Transition From Integration to Pre-Production Begins Now: Thousands of Chevy Volts to be Built Early Next Year
As was reported on Friday October 9, GM completed building the last of a total of 74 pre-production Chevy Volts, which were built in the modest-sized pre-production operations facility in GM’s Warren campus. I had the chance to discuss with Volt vehicle line engineer Tony Posawatz what happens now.
Now that these cars are finished what happens next?
Interestingly enough this is probably where the intense work begins. From a build perspective, we won’t build again until early next year in Hamtramck. What we do now is we take the production intent designs that were built up in the integration vehicles and we test the living daylights out of them and continue to do iterations and iterations. A lot of it is software. A lot of it is taking some of the crudeness in fit in the body fits and tighten them up. Although we do it on math, variations occur and flushness and fit come out a little differently then they do on paper.
So we’re now tuning it. And between that time from October of this year and March of next year, we test the vehicle to confirm the production design works, tweak and fix things, and as we tweak and fix things those changes have to be incorporated in the production tooling and those things typically have a longer lead time.
Then the production tooling is in place. Those are the big heavy expensive dyes to stamp the sheet metal. Those are more significant molds and cavities and processes to manufacture plastic parts in high volume. That’s kind of what happens right now. Right now is the testing, problem-solving, refining and putting all that learning into the production tools. Come the March timeframe and we’re running Volts with production tools. And that is still an iteration process or learning process to refine it for what’s going to happen later in the year.
Are you beginning to put hardware into the Hamtramck plant?
Oh yeah, the Hamtramck plant and the battery plant are on a project plan to upgrade themselves to be ready to build in the early 2010 timeframe. So right now there are tools in toolshops being produced and as we find out, we need this or that, we’ll change it on a production tool. That’s the process we’re in.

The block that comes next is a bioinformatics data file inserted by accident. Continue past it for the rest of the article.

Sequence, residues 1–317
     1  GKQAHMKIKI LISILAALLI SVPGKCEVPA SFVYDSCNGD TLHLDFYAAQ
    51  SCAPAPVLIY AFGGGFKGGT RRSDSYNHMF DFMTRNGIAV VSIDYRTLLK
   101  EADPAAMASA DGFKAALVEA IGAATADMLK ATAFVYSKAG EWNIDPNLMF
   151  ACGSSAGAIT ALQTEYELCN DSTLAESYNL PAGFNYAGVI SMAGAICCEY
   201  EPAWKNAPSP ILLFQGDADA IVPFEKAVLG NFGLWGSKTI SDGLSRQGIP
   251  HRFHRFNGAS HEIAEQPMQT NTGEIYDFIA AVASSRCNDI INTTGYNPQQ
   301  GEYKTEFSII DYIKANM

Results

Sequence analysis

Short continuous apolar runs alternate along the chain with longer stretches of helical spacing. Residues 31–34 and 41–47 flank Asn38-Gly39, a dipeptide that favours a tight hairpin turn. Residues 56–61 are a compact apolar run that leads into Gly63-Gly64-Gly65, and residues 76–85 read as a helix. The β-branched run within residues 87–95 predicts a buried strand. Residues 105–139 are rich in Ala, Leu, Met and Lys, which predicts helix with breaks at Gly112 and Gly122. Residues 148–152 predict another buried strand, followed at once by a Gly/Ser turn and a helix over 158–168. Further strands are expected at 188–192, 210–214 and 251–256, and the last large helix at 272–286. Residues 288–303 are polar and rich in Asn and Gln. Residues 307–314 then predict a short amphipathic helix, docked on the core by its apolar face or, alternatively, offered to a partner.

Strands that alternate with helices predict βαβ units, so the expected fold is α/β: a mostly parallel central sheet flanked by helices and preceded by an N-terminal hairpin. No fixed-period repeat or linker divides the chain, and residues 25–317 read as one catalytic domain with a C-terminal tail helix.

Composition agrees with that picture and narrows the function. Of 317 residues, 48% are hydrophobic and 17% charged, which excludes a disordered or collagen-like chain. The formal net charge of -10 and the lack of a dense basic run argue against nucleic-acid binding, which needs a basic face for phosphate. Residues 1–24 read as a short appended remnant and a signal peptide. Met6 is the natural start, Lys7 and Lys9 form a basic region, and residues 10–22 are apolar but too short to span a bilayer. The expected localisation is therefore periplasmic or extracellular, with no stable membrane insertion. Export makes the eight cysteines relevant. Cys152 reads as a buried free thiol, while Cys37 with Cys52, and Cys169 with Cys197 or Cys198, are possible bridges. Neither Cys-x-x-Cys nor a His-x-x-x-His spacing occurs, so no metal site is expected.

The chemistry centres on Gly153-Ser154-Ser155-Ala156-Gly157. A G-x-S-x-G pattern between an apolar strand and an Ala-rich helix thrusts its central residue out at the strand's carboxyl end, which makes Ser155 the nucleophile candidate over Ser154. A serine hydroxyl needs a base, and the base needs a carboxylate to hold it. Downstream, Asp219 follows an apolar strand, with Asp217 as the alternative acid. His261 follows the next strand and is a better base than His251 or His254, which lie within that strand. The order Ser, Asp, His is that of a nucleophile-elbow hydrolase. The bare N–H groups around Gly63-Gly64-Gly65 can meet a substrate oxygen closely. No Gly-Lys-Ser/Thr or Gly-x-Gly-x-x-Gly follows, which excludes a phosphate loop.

When you first start building in March what are those vehicles called?
We call them PPVs, pre-production vehicles or validations. We have a couple more “flavors” but those are all flavors of production vehicle that we work through. This is fairly state of the industry, our terminology is a little different, but every manufacturer does these iterations or flavors of vehicles that have the next phase of software.
At some point in time for example the interior parts have a certain graining to them that you do as one of the last things. You put in a little grain into the tool, but once the tool is grained and they have this nice little texture to the plastic parts it’s very hard to change the tool if you have any functional dimensional changes. Later in the Spring we’ll actually grain the parts so that they really look like production and piece the cars together.
Right now things are actually going pretty well. We have certainly a lot of issues but that’s standard for this type of project and where we are at in the program. Issues are actually a good thing. We know no one is that good to get it spot-on or if the issues don’t properly surface they somehow surface later. If you have a lot of variation in some of the parts, and you don’t see it early enough to try to control it, to get thefir finsihs and execution elements perfect.
PPVs are not saleable?
No, they’re not saleable yet.
So you will build a few hundred of those?
No we build in the two to three thousand range. We’re finalizing that number right now. A lot of that is practicing the processing of that. Ultimately their will be a line rate of many jobs per hour when we do this so you want to get the guys actually practicing in the production environment.
This entry was posted on Monday, October 12th, 2009 at 6:35 am and is filed under Engineering, Production. You can follow any responses to this entry through the RSS 2.0 feed. Both comments and pings are currently closed.